In September and October 2020, the American Bar Association (ABA) Center for Human Rights and Human Rights Embassy monitored the trials of 15 Belarusian citizens as part of the Clooney Foundation for Justice’s TrialWatch initiative. The accused – Pavel Zhuk, Siarhei Babrou, Aleh Sakovich, Iryna Kuzina, Alina Ulyashyna, Dmitry Petrov, Yuliya Novik, Renata Lyskovich, Maria Banderenka, Anna Korshun, Maksim Bazuk, Lyudmila Kazak, Ivan Yakhin, Raman Pazniak, and Andrei Sychyk – included activists, students, and a human rights lawyer. They were arrested in connection with the demonstrations that spread across Belarus following President Aleksandr Lukashenko’s reelection on August 9, 2020 in a vote widely condemned as fraudulent. The accused were charged with violating Belarus’s Code of Administrative Offenses, which – while described as “administrative” – provides for penalties of imprisonment and has become a frequent tool of the authorities in their crackdown on political opposition.
The proceedings against the defendants, from arrest to conviction, entailed severe violations of their rights under international law, including the right to be free from arbitrary detention, the right to be presumed innocent, and the right to an impartial tribunal. With trials in Belarus increasingly closed to the public, the monitored proceedings provide a window into how the authorities have systematically flouted international due process and fair trial guarantees, as well as guarantees related to humane detention conditions. The following analysis is based on the observation of trials that were open to the public.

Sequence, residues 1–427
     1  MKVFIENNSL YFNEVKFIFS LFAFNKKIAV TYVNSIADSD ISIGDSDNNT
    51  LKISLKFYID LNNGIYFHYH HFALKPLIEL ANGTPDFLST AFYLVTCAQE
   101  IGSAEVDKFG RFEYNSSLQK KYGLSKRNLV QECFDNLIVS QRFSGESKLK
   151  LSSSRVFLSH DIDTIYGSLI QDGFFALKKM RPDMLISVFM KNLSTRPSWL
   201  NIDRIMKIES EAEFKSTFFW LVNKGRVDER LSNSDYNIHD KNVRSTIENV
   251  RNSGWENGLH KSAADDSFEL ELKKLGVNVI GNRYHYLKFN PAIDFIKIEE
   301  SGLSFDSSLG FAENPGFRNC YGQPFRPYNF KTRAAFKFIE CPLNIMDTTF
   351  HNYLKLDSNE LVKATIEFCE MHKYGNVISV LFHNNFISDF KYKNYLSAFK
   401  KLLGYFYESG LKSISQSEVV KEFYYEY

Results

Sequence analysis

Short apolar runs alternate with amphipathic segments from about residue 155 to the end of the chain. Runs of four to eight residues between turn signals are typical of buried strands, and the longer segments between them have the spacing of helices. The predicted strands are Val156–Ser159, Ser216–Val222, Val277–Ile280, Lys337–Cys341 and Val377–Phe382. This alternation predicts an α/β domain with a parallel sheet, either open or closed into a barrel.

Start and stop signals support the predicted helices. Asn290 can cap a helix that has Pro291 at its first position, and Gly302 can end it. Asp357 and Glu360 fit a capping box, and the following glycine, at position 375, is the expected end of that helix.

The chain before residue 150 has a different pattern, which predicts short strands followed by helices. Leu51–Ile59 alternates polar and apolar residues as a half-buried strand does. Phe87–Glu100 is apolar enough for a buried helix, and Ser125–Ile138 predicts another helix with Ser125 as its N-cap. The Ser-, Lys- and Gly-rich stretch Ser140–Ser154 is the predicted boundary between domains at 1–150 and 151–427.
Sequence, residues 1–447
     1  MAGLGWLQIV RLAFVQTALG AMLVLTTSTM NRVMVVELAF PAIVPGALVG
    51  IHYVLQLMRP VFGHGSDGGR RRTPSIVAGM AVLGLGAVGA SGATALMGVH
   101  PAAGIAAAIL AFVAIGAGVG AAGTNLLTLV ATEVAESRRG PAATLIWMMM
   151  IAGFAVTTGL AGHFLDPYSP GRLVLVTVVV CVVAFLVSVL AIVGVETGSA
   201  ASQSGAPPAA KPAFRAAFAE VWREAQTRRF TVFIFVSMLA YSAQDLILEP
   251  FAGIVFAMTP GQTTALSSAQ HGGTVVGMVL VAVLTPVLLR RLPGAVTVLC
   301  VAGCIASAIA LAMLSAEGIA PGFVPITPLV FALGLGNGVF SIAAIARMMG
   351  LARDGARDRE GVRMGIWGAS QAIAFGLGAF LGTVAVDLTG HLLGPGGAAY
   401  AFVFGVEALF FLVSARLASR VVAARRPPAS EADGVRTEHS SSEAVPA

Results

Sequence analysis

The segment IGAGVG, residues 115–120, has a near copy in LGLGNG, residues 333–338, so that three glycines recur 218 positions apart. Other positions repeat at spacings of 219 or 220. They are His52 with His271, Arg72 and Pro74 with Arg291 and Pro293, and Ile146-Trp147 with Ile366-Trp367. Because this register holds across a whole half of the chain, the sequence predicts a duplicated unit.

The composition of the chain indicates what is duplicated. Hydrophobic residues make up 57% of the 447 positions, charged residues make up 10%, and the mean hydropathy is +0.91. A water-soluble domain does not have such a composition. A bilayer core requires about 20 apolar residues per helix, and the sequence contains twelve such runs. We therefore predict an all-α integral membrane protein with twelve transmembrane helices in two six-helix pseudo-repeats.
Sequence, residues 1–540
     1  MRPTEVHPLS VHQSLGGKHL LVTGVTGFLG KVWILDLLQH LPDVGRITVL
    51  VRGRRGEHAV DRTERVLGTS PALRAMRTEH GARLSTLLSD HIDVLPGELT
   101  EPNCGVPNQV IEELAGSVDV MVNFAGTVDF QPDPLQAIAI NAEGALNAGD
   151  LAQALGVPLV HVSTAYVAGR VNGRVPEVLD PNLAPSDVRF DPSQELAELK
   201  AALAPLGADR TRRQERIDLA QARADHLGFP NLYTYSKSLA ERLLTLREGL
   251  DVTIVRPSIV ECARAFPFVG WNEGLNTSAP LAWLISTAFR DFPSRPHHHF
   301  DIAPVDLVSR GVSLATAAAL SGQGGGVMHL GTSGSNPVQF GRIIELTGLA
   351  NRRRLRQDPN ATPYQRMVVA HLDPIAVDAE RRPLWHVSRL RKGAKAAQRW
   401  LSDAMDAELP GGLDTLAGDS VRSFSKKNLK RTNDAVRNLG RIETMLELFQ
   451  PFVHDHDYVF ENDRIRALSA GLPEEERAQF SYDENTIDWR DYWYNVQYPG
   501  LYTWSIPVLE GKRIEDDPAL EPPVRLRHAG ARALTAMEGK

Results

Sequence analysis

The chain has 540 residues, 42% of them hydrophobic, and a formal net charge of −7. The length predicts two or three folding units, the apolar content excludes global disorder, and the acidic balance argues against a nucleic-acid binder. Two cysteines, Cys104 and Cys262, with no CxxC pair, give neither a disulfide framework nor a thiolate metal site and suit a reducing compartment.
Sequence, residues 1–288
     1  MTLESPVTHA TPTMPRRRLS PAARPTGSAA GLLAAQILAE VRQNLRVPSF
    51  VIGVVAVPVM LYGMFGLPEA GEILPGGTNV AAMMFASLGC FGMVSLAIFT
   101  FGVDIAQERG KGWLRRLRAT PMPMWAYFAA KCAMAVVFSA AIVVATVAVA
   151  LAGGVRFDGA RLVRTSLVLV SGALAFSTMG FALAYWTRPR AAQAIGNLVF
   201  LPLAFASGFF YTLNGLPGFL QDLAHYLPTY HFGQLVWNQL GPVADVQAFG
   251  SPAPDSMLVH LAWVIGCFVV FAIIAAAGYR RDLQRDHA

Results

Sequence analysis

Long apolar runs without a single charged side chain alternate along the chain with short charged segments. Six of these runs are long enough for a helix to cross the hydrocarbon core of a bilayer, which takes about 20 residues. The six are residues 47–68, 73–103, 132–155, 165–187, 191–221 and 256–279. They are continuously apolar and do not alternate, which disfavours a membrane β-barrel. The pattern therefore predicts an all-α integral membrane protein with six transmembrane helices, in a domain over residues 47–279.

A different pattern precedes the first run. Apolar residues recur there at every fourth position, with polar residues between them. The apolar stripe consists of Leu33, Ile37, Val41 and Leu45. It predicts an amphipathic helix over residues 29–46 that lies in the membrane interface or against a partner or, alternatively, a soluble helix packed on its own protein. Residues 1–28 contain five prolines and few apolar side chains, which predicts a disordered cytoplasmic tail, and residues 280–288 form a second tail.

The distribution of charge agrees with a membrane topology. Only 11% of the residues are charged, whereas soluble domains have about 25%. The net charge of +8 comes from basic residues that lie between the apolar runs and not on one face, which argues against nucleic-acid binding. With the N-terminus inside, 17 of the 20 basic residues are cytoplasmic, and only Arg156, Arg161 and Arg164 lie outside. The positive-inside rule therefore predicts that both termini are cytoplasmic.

All of the defendants were detained by riot officers or other police – some in uniform and others in civilian clothing but typically wearing balaclavas over their faces – who failed to identify themselves or give any explanations before the arrests, causing many of the accused to believe they were being abducted. Out of the 15 defendants, 13 were arrested during or soon after demonstrations and accused of participating in an unauthorized mass event in violation of Article 23.34 of the Code of Administrative Offenses (two of these 13 defendants, Ms. Ulyashyna and Mr. Petrov, were additionally charged with disobeying lawful police orders in violation of Article 23.4 of the Code). Of the remaining two defendants, one accused, Ms. Lyskovich, was arrested for sharing information online about an allegedly unauthorized mass event and charged under Article 23.34. The other accused, Ms. Kazak – a human rights lawyer – was grabbed by police on her way to a hearing – supposedly in relation to her alleged participation in a protest almost a month earlier, although she was later prosecuted for allegedly disobeying police orders under Article 23.4.
Upon arrest, all of the accused were brought to the Internal Affairs Departments of various districts of Minsk, where Offense Protocols (i.e., charge sheets) and other case materials were prepared. Out of the 15 defendants, 13 were then transferred to the temporary detention center on Okrestina Street to await trial. They were detained for between 21 and 77 hours before their hearings started. The other two defendants were released pending trial. No justification for detention was given in any of the cases.
The defendants’ unjustified and unnecessary detention was especially egregious in light of the COVID-19 pandemic. Further, the detention conditions at Okrestina Street were described by several accused as inhumane. One defendant testifying at trial recounted, among other things, that detainees were sleeping on the concrete without mattresses, that there was no drinking water available in the cells, and that detainees were forced to defecate in the cells without cleaning materials: as such, detention pretrial was a punishment in itself.